-- Paul Collins, The (Nashua) Sunday Telegraph
“Haunting.” -- Tim Clark, Yankee magazine
“A moving book. Beautifully written.” – Rebecca Upjohn Snyder, author of The Last Loon
"In the letters, the word "death" appears nowhere. Astounding. This "not there" reverberates throughout the book. EC's story and perseverance takes us deeper and deeper and then even deeper."
--- Sandy Diamond, poet, playwright, author of The Hunchback; Miss Coffin and Mrs. Blood.
“A powerful story of love, war and the lingering effects of the tragedy of war that is as intimate as it is universal. With What There Was Not To Tell Edie Clark establishes herself as one of the premiere writers of memoir working today.”
–Rebecca Rule, author, columnist for the Concord Monitor.
“Clark writes this book with a gentle touch, and a bit of Tolstoy, as she deals with the anguish of lovers inflamed by love and World War II and maddened by the savagery of wartime. An extraordinary interweave of letter excerpts, military logs and narrative, revealing a love that can last longer than a world war.”
---Steve Sherman, Keene (NH) Sentinel
“In this story of love and loss, pain and poignancy, sorrow and stoicism, Clark weaves together a tapestry of conflicting emotions. What There Was Not To Tell reflects an important part of World War II that doesn’t get enough light shed on it: What happens after? What does coming home look like?”
---Jon Potter, Brattleboro (VT) Reformer
Selected as "book of the week" by the New Hampshire Library Assoc.
About the book:
My parents died in 1994, leaving me more than two thousand letters, written during World War II. To some extent, I knew the story of Tom but the letters allowed me to understand him within the context of that war, which I had never understood nor known much about. The name of the book comes from the fact that, whenever I asked my father to tell me about the war, he would answer, “There’s nothing much to tell.” The letters told me a great deal that my parents did not, not only about themselves but about that war and war, in general. Through reading the letters, I came to believe that my generation was deeply affected by World War II, without ever really knowing it. The silence of our fathers (and mothers) may be from unprocessed grief and the famous “generation gap” may have been a direct effect of our fathers’ service coupled with their inability to articulate what that war had meant and how much (how many) had been lost to accomplish what they did.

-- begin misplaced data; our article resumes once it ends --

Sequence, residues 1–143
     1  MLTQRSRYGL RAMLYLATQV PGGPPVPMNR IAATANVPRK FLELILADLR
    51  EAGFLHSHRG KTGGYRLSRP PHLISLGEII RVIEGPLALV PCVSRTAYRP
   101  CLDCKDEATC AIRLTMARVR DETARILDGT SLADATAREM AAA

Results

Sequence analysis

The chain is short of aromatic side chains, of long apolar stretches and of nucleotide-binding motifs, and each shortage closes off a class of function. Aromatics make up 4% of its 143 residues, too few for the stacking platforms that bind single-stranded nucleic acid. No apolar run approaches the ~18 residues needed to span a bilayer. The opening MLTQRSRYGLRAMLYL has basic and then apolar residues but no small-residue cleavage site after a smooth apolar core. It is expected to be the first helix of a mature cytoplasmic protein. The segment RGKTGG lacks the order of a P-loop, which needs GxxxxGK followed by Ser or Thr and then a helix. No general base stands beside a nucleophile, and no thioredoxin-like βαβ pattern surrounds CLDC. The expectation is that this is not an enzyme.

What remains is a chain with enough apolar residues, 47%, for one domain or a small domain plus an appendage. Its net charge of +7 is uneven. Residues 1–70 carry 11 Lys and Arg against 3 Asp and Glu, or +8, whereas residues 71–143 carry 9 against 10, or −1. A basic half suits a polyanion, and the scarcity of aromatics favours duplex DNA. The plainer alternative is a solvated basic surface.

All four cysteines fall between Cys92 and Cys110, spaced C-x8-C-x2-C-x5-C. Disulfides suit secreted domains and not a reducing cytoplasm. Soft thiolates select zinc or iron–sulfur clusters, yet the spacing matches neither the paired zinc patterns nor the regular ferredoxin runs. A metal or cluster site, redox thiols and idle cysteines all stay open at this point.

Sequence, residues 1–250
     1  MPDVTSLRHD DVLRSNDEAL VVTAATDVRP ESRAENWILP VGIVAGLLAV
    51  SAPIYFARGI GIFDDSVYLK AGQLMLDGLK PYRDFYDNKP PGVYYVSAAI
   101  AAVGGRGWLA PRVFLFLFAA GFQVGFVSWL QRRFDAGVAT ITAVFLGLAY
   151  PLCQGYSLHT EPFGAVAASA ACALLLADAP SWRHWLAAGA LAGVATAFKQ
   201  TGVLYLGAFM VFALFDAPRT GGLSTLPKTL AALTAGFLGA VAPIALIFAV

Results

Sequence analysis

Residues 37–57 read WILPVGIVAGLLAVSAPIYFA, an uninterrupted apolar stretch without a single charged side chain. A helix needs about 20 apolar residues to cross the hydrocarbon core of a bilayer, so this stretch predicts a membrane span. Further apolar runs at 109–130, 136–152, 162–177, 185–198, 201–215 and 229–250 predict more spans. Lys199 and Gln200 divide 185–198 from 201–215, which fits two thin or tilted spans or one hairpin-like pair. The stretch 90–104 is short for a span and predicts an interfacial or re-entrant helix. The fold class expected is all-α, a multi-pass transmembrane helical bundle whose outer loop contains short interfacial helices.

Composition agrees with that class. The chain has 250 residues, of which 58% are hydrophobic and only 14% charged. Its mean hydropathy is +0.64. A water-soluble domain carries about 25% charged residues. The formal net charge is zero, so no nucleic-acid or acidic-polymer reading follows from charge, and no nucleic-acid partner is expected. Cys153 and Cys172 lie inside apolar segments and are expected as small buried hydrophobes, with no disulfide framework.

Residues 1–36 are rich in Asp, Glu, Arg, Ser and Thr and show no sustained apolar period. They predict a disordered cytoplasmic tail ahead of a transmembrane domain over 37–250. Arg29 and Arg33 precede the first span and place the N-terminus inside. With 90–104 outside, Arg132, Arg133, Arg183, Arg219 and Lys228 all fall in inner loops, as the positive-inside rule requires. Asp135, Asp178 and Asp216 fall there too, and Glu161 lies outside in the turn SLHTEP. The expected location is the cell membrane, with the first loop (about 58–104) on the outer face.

The book is in the form of an odyssey, finding not only Tom’s final (of four) resting place but also the description of his death, reconstructed from Air Corps records and memories of those who fought nearby. I use extracts of the letters to give voice to both my father and mother, as well as to Tom. These extracts interspersed with my memories, thoughts and revelations as I make this journey into a past I never knew.
I've posted all the readings (constantly updating) I have lined up to present this book, which was more than 15 years in the making. For me, this book is a complete labor of love, a quest to unlock the secrets my parents held until their deaths. As a result of reading their letters, I know now what I wish I had known, growing up. I never understood them in the way that I do now and it is with great sadness that I remember my impatience with them, their odd choices in life, their particular habits. I had no way of knowing that what shaped them was a war that I never knew. I know it now and want to share what I have learned from the long quest to find what Tom meant to both my mother and my father. It wasn't what I thought. I hope you will read the book with interest, for your own quests. I am confident in saying that you've ever read a book about World War II like this one. Thank you for following my work. It means so much to me.
I hope you enjoy what else you find on this website. Do let me hear from you if you have any suggestions, thoughts, or complaints. Thank you so much for visiting. Over the years I’ve come to realize that what matters more than anything, more than the publishers, more than the editors, more than the checks they pay me, what matters most are my readers.